Etiquette School is in session! > "I'm afraid that won't be possible."

When "NO" is not enough

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mrkitty:
Help! I need someone to send me some quick-growth hormone for my very lately born spine! It's just a baby but needs to get strong fast!

BG: My sister and I have only recently reconnected after a two and a half year rift. We had a bad falling out around the time of the last presidential election - we are on VERY opposite ends of the political spectrum. I have no problem with that in and of itself, but she (and her husband, from whom all her opinions generate) kept trying to "convert" me to their side...and a person can only take so much brow beating, hence the falling out.

After the falling out, we hadn't spoken in quite some time, until I finally said to myself that this was stupid and called her. We "reconnected" as they say, and have been catching up once or twice a week since then. Initially, she tried to go back to the same tactics of political conversion as before, but somehow (I don't know how) I managed to convince her I wasn't going to be changing my mind....or is it because she got roped into an MLM opportunity and now is focused on that?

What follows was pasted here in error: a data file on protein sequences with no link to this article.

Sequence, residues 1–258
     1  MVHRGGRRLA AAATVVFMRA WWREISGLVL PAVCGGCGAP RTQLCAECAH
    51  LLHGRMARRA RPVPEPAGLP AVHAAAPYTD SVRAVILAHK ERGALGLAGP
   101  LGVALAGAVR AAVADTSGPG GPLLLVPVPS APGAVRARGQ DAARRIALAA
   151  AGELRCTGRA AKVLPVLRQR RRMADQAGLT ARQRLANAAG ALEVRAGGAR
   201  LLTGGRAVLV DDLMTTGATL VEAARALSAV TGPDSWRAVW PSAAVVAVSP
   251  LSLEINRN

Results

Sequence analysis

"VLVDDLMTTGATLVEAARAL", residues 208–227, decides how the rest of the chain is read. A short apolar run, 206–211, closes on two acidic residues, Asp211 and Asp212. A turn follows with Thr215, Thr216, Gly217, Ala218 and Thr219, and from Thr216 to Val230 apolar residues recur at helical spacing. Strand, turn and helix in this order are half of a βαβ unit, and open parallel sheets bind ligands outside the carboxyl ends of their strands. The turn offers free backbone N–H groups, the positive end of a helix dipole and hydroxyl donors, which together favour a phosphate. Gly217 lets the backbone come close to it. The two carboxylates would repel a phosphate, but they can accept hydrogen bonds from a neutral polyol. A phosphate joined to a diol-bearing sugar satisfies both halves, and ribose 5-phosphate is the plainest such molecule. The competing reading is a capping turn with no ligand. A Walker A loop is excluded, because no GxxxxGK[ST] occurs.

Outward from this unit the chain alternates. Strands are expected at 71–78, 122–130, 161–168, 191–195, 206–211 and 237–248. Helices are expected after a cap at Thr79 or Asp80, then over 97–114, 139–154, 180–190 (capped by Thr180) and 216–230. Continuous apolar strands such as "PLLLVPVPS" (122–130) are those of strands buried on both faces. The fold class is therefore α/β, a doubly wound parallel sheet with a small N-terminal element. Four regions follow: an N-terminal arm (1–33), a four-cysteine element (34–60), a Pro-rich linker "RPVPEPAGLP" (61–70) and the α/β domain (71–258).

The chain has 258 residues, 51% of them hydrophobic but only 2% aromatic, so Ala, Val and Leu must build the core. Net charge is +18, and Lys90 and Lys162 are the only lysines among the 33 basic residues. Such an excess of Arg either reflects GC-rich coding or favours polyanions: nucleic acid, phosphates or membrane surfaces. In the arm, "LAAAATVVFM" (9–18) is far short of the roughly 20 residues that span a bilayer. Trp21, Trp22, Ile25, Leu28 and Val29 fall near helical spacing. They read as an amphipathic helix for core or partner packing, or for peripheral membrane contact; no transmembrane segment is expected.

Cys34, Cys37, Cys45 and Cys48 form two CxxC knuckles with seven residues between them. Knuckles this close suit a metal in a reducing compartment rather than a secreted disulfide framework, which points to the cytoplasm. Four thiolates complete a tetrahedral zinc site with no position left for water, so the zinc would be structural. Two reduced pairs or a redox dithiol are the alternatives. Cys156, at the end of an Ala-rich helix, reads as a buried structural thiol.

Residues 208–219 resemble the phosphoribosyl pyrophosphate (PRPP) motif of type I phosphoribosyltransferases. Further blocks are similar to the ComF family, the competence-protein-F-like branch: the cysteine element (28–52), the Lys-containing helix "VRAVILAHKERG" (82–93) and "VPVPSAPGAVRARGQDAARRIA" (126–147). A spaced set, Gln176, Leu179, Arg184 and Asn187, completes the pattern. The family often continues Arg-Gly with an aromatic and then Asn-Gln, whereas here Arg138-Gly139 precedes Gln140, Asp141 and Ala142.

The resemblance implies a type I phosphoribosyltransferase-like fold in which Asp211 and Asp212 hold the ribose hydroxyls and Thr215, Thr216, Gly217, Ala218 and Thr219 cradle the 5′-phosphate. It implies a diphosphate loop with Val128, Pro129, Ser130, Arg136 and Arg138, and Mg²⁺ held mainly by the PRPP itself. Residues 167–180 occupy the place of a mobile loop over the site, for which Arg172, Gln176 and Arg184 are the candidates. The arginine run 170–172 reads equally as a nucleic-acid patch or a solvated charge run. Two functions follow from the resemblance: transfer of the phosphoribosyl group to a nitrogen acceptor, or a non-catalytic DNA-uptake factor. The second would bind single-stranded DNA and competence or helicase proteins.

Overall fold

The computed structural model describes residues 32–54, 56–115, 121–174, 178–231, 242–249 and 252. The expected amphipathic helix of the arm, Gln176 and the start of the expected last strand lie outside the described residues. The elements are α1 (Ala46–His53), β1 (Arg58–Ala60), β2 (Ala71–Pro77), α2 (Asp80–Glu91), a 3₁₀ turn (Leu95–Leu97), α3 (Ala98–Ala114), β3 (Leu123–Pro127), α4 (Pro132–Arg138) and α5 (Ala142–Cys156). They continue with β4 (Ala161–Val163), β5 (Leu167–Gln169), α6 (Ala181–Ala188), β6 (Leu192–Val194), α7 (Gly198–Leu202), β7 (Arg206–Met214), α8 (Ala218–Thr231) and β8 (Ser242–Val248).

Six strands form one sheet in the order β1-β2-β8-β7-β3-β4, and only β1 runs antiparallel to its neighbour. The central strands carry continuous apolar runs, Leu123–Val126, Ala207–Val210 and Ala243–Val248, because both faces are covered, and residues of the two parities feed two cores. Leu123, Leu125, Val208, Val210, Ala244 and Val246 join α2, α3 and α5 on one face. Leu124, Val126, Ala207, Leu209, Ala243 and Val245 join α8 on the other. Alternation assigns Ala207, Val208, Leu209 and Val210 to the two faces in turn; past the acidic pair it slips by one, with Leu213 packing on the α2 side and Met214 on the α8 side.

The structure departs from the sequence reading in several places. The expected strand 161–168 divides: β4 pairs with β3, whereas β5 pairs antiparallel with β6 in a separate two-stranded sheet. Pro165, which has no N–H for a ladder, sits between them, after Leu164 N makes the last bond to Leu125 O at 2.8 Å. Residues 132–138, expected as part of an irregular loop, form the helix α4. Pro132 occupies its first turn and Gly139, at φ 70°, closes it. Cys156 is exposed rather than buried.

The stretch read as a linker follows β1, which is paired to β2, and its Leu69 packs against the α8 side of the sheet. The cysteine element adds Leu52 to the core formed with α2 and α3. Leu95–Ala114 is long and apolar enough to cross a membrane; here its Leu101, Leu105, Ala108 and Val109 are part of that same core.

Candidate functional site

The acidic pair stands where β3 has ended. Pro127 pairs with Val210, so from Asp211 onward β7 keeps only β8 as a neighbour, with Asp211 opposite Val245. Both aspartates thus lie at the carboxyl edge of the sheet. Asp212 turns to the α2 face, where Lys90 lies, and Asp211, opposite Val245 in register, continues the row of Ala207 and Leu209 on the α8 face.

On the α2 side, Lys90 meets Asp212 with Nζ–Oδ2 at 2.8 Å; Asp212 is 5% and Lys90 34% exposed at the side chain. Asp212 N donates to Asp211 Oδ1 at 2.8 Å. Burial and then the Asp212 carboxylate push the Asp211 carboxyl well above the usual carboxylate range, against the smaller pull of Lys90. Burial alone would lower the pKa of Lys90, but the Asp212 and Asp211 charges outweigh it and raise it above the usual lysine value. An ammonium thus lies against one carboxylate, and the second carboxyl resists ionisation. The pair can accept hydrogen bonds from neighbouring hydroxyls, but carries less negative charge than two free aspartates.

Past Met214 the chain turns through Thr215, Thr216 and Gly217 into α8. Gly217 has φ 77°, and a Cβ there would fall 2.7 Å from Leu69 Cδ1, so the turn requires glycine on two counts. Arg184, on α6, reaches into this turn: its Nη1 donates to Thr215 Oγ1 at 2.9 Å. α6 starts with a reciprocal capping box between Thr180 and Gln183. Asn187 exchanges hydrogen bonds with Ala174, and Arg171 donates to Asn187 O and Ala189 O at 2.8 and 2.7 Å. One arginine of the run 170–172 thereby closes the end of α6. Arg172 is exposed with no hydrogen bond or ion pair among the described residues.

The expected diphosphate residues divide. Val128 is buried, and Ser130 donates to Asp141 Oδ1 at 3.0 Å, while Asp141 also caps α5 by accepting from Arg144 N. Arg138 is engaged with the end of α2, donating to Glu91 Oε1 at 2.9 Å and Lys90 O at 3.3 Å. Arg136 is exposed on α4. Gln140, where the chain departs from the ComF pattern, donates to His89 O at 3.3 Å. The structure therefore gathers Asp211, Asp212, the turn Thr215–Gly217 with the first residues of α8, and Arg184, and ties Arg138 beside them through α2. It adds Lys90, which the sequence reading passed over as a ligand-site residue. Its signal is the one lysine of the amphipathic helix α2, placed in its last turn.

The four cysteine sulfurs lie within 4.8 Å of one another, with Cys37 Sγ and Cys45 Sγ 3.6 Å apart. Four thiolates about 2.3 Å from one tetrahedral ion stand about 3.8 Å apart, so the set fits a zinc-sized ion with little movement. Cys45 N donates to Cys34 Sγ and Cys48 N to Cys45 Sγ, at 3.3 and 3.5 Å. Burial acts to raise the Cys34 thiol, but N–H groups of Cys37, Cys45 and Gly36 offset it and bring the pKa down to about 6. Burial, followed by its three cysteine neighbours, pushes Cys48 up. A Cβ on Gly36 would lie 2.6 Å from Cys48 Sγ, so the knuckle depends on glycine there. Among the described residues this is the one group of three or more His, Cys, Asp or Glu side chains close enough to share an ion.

You see, she's unemployed and her DH has been telling her to find a job. Six months ago, when HE was looking for work, they bought financial products from a MLM company that sells insurance and financial products. He thought about joining up himself, but then found a job in his industry and told my sister to follow up and join.

This last weekend, she completed the first round of tests for the Series 7 license. Meanwhile, yesterday I returned from my state vocational rehabilitation services orientation meeting (where I signed up with the hopes to qualify for career coaching and job placement services since my industry is evaporating and I need to find a new line of work and possibly go back to school) and she called me, all excited about this "opportunity" and how I should hurry up and buy the financial products she wants to sell and then sign up to be her "downline".